Black Pepper

Black pepper, Use of Black pepper, benefits of Black pepper, Piper nigrum, black pepper plant

Piper nigrum Piperaceae.

This woody perennial climber originates in South-east Asia, where its culinary and medicinal properties have been known for 4000 years. Its leaves are unlobed, thick and shaped like spearheads. The small lateral branches sprout roots, which enable the plant to grip as it climbs. Its small white flowers form long spikes and are followed by green fruits that ripen to reddish brown.

Parts used


The fruits are picked when ripe from plants that must be at least three years old. After drying in the sunshine, they turn black

A pungent essentia I oi I is extracted from the seeds. It is the oi I that is usually employed medicinally although the seeds can also be used .


As much as 2.5 per cent of the black pepper seed consists of the pungent, greeny yellow essential oil. The seed is rich in the alkaloid piperine (5 to 9 per cent).

Medicinal uses

Black pepper stimulates digestion and in Europe it is taken orally to treat sluggish digestion, flatulence, bloating and lack of appetite. Its antispasmodic properties make it useful for treating stomach cramps.

Black pepper has long been used to soothe rheumatic pains, a use that is supported by Indian research in 1990, which showed that piperine inhibits inflammation. Applied externally, black pepper produces a warming and reddening of the skin (and considerable temporary irritation), which eventually leads to an anaesthetic effect.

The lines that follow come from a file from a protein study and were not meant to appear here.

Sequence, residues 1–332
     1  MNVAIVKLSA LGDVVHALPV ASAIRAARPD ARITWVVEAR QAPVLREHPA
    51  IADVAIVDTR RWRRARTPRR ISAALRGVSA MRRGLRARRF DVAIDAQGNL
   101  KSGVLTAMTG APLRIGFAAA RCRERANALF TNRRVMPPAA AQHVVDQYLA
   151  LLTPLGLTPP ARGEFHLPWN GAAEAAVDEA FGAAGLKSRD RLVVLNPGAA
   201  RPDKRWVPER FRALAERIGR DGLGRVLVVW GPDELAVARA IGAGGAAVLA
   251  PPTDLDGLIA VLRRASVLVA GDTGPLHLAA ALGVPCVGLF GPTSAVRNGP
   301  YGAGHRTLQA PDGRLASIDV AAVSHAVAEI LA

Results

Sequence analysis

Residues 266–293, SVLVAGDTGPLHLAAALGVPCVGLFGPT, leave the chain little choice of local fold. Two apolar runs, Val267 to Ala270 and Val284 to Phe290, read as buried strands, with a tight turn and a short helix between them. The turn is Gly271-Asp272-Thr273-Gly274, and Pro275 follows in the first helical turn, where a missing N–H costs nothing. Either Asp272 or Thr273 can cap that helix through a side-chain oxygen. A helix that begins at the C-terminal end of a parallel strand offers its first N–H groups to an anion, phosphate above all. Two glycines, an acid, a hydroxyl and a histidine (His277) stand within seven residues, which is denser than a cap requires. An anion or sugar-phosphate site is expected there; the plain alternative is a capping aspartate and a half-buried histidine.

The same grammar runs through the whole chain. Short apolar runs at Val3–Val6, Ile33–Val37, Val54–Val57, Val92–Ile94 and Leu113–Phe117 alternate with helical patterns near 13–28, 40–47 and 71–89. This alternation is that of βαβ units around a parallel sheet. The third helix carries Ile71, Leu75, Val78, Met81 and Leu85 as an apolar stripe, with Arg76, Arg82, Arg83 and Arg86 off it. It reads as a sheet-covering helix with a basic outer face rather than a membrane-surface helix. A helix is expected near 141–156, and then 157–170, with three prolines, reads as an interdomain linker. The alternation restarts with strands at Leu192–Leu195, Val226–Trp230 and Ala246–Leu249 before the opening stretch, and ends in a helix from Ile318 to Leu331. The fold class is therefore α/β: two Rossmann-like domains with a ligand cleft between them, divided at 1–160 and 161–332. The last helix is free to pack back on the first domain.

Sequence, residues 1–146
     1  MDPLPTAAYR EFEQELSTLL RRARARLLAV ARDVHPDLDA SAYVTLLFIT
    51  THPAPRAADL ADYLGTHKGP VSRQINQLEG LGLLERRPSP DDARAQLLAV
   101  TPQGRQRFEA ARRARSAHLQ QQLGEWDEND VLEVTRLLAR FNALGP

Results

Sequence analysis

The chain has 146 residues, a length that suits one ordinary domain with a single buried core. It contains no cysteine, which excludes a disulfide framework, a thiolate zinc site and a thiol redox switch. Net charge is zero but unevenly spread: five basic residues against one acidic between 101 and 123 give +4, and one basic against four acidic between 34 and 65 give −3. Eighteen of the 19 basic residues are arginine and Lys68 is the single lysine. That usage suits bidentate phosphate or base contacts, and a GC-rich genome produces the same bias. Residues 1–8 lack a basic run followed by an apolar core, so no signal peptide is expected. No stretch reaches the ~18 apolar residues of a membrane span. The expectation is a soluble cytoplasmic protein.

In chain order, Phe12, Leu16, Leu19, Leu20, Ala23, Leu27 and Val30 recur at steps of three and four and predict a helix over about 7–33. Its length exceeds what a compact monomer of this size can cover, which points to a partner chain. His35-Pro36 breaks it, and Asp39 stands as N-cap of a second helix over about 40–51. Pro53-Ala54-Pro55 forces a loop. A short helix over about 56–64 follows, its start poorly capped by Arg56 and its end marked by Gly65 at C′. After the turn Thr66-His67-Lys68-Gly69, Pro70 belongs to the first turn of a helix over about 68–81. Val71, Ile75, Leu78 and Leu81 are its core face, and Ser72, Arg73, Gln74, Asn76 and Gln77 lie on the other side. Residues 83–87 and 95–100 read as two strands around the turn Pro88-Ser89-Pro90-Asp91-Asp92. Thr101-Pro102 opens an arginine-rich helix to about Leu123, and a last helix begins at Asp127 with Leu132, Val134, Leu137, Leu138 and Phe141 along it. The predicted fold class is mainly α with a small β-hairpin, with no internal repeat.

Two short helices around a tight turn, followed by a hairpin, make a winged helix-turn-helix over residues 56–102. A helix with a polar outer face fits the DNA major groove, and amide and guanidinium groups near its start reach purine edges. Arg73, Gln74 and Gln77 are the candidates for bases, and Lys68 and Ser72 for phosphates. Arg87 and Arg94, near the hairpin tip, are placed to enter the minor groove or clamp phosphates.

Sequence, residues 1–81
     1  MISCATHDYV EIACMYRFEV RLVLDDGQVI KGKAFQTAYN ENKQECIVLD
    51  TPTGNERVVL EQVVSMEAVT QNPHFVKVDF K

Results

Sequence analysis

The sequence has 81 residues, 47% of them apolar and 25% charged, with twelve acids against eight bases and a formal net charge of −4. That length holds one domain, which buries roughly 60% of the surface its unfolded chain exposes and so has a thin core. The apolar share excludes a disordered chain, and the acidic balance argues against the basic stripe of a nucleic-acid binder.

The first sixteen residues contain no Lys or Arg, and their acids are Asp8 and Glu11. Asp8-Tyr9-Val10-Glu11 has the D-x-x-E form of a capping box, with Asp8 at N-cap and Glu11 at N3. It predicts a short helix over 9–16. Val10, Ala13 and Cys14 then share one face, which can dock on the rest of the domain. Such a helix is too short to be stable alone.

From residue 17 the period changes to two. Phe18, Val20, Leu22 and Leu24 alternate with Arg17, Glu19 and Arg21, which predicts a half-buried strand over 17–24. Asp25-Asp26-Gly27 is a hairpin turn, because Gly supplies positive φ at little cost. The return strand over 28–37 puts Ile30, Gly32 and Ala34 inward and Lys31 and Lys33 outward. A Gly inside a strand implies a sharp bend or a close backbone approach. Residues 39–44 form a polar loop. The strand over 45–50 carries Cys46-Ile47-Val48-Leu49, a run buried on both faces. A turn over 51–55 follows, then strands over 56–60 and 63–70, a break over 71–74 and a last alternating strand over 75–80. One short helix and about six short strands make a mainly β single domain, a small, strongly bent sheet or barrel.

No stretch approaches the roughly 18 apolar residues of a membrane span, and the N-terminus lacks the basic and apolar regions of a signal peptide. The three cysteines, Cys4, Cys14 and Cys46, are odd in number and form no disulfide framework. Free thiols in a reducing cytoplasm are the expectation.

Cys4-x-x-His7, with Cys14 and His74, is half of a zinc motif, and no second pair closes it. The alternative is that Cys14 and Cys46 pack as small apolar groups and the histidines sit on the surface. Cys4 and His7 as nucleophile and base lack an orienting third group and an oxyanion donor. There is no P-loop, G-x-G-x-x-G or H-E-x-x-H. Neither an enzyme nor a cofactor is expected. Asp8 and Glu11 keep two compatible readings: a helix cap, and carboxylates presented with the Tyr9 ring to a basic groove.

In 2000, UK researchers found that black pepper had antibacterial properties since it was shown to effectively combat the bacteria responsible for food poisoning.

Piperine can strengthen the effect of numerous other medicines, herbal remedies and spices. Therefore it is important to seek advice from a doctor or qualified herbalist before taking medicinal doses of black pepper in addition to other drugs.


Black pepper seeds present no immediate dangers although excessive intake can have an adverse effect on the liver.

Pure essential oil must only be taken on a doctor's prescription.

Seek medical advice before using black pepper when taking other drugs. For example, it should not be taken with blood-thinning agents. . It is not recommended for pregnant or breastfeeding women.


For internal use

TO TREAT sluggish digestion INFUSION Put 3g of pepper seeds into 150ml of boiling water, Flavour with mint. Leave to infuse for 5-10 minutes, then strain. Take two or three times a day.

For external use

TO TREAT rheumatism CREAM (with a base of essential oil) Rub into the painful areas two or three times a day.



The plant thrives in rich, moist soil and temperatures above 15░C.


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